Farming Workforce Shortage ‘No More’ For NT

Congolese Refugees Getting Their First Jobs

The farming industry’s concern on workforce shortage has been resolved in the Northern Territory’s mango orchards.

It presents a win-win situation as this opportunity has given some Congolese refugees their first job opportunity in the country.

Bachunge Furaha fled civil unrest in the Democratic Republic of the Congo five years ago and, since then, struggled to find a job in Australia, until now.

Yet, this season, a door opened for her as she worked in Nutrano Produce’s mango packing shed in Katherine, a Northern Territory town 300 kilometres south of Darwin.

With excitement, Ms Fuhara said “It is my first job in five years, and when I tried to apply, many people asked me to prove my experience, but I didn’t have any experience. Now, I have a job and I am very happy and grateful.”

She is not the only one. Ms Furaha and many others are part of a collaborative program to get refugees working on-farm. It was started this year by recruitment agency The Job Shop, the Darwin-based Melaleuca Refugee Centre, and the NT Farmers Association.

According to Carol Zunker, The Job Shop operation manager, there were 35 participants this year, most of whom were Congolese. “They’re happy people, they can come into the shed and be happy, and they can be in the field and they’re singing and just happy to be given a chance,” she said.

She emphasized that they are hardworking and determined to work, one thing she admires from them.

More so, Nutrano’s packing shed manager Kehran Collingwood said the company would happily employ refugee job seekers again. She saw the excitement as they come, observing how they are particular in getting things rights and intricate with their packing, asserting that she is happy with the outcome of the recruitment so far.

Ms Zunker attributed the seasonal work program’s initial success to perseverance and working closely with farmers and participants. “Because of the lack of backpackers and seasonal workers in the country, we really pushed everything to get some of our new Australians into farm work,” Ms Zunker said.

Some refugees, though, were discouraged by others. For instance, Congolese woman Deborah Hussein revealed that when she first heard about the job opportunity to work during the upcoming mango season, some of her friends were negative about it.

“Some friends told us, ‘You can’t do this, picking and packing mango is a very hard job and maybe only men can do it’. But we could do it. If men can do it, women can do it too. I am a strong mummy.” Ms Hussein said.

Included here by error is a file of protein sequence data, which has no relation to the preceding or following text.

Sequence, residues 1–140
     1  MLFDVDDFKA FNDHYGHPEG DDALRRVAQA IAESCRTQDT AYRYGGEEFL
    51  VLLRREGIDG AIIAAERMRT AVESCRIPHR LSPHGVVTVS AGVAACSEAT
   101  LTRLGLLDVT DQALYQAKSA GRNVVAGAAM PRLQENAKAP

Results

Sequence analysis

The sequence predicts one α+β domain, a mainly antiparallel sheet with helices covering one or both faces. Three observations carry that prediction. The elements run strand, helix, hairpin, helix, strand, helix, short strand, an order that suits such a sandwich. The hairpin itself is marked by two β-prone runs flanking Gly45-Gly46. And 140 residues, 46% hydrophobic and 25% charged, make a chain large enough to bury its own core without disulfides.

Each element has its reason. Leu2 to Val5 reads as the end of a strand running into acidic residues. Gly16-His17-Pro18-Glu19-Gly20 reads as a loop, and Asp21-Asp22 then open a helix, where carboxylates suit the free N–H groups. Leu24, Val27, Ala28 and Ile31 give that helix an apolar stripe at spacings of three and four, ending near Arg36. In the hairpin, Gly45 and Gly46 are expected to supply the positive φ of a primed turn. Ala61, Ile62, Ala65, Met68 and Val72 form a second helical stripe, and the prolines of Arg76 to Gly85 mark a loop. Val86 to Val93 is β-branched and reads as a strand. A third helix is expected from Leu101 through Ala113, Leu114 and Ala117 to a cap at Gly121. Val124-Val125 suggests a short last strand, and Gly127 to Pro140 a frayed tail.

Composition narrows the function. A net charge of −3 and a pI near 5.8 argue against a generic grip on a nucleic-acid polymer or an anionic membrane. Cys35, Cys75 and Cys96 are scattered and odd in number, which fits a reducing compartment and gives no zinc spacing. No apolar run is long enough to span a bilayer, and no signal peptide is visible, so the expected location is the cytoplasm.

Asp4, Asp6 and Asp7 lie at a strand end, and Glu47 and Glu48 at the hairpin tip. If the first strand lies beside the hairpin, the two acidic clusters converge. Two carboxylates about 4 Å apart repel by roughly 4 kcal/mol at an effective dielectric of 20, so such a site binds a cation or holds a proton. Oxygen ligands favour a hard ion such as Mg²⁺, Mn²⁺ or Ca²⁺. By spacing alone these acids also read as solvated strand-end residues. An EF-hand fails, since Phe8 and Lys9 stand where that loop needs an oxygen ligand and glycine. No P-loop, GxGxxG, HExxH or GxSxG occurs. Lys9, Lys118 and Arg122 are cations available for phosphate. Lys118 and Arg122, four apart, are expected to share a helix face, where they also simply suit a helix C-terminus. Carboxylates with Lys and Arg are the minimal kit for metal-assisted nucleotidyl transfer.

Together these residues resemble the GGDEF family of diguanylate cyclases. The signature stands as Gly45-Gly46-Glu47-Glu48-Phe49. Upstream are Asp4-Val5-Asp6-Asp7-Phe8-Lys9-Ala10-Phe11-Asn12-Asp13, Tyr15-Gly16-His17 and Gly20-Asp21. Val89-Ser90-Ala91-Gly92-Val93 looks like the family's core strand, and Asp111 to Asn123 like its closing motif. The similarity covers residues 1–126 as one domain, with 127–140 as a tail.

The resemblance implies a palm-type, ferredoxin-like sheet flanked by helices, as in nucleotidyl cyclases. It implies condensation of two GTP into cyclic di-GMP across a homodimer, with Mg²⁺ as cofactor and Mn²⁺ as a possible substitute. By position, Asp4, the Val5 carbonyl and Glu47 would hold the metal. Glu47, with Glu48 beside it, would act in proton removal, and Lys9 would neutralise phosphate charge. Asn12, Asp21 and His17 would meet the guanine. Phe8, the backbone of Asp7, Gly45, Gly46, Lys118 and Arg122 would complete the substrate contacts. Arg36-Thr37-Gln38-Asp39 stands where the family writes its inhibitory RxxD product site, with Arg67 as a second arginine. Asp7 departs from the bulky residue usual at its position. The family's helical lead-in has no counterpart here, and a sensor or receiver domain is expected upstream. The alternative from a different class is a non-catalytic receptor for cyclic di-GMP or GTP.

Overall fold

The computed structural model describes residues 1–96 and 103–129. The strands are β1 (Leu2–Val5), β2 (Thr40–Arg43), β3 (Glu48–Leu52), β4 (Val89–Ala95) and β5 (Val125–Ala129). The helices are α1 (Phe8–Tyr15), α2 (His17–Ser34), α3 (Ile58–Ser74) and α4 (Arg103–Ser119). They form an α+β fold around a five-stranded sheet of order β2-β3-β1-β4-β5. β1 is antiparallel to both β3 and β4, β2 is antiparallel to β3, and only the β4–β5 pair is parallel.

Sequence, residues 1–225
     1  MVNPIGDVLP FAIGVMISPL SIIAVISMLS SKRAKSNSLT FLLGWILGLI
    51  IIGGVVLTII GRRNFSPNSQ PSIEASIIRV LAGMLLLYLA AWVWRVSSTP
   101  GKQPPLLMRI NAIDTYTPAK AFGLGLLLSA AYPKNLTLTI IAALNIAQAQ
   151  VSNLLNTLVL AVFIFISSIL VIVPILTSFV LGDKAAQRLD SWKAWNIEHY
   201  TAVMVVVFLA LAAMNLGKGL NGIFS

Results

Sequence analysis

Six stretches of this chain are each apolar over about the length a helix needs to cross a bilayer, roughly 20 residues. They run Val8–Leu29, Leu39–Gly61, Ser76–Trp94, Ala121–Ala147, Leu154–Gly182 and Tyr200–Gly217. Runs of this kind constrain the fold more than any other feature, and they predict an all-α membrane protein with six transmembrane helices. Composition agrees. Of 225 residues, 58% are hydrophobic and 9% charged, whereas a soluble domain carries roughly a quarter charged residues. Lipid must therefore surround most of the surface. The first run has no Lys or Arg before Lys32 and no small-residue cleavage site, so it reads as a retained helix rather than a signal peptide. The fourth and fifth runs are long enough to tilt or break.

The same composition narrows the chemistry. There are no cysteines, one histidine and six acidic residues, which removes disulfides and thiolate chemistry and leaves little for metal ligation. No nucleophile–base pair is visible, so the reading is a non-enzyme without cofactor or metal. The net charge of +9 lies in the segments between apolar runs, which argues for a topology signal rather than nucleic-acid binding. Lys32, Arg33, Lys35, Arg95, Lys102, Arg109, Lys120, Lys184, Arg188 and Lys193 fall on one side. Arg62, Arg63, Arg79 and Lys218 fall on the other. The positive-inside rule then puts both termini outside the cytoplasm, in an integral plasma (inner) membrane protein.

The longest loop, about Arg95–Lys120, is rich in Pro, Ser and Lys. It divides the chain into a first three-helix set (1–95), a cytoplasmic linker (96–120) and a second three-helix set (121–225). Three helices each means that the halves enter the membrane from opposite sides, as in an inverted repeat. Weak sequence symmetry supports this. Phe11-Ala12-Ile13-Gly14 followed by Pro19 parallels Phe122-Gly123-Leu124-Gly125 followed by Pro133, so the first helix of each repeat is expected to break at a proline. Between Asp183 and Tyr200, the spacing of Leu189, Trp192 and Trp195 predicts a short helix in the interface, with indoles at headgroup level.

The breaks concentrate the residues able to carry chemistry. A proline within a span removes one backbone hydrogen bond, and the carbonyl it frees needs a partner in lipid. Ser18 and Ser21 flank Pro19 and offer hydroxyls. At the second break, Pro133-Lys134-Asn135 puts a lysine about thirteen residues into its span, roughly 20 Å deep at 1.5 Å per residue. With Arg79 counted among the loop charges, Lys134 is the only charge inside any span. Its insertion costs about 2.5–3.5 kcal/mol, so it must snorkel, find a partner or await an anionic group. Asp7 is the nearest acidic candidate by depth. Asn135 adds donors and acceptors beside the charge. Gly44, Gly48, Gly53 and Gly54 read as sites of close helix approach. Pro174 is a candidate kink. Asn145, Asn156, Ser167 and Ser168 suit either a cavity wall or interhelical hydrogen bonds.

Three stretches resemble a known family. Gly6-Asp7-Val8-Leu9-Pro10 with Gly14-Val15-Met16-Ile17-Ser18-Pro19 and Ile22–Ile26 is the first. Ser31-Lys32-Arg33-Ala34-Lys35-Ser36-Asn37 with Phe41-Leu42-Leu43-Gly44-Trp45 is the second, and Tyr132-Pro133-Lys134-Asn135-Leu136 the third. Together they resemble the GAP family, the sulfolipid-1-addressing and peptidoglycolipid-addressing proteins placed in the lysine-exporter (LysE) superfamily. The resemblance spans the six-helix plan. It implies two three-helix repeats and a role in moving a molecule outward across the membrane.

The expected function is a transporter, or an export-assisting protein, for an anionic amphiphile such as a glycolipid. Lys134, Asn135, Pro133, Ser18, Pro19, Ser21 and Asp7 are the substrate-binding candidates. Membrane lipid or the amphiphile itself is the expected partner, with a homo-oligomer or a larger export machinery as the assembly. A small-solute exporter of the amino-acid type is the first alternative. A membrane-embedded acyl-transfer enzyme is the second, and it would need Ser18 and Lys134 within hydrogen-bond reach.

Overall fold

Now, she is more determined to return to the Melaleuca Refugee Centre to encourage others to take up seasonal harvesting work in the future.

Also, since arriving in Australia 18 months ago, working in the packing shed this season has also been Bunyemu Mangala’s first job. She said she would use part of her wage to help family still living in the DRC.

Ms Zunker assured that the partnership with Melaleuca Refugee Centre would continue next mango season, as more and more refugees enjoy this incredible provision.

Growing Number Of Saltwater Crocodiles In The Northern Territory

saltwater crocodile

A team of researchers from the Charles Darwin University (CDU) will lead a project of assessing the ecosystem, after a boom of predator population has taken place across Northern Australia in the past half-century.

The scientists are now set to look at the ecological impact on estuarine crocodile numbers.

Saltwater crocodiles were declared a protected species in 1971. Since then, the number is fairly well-known – the estimate has gone from 3,000 in the 1970s to over 100,000 crocodiles in the Northern Territory today.

That being said, ecologist Keller Kopf from the CDU’s Research Institute for the Environment and Livelihoods said there has been little formal investigation in the effect of that key conservation decision.

“We are really trying to understand what the ecological role of crocodiles is in waterways up here,” Dr Kopf said. “Surprisingly, for such a large enigmatic animal where we have been doing research on the population numbers for years, we know very little about how they directly influence the environments they are in.” He added.

The ecological study involves estimating the number of food types of prey needed to support river-based, estuarine crocodile populations in the NT. This would be a joint effort by the CDU, Darwin’s Larrakia Rangers and government researchers.

The primary goal was to help inform future policy decisions on saltwater crocodile management and assess how much longer the environment could sustain their population growth. Similar studies have been made in the populations of the wolf in North America and sharks on coral reefs. Some of these researches cited that a larger predatory population is not bad at all.

It was said that unexpected benefits are garnered from having a large predator population. But it is yet to study if that is the case here.

Given the decades when hunting for skins, meat and skulls have been legalized; numerous species of animals have been eradicated. Hence, the crocodile populations in the Northern Territory were depleted.

Since the protection was declared, fatal and not-fatal crocodile attacks have fueled continuous debate about the management of the animals. This worried cattle station owners and Roger Matthews, a commercial crocodile catcher.

With the increase of crocodile numbers and his 30 years in the industry, he cited that they are found in places where he hasn’t seen them before. Adding to the threat is the upcoming wet season where they could have the opportunity to move around places generally.

Given that, the CDE study will take place over three years, and many are starting to worry that the community casualties may occur prior to the conclusion of the said study.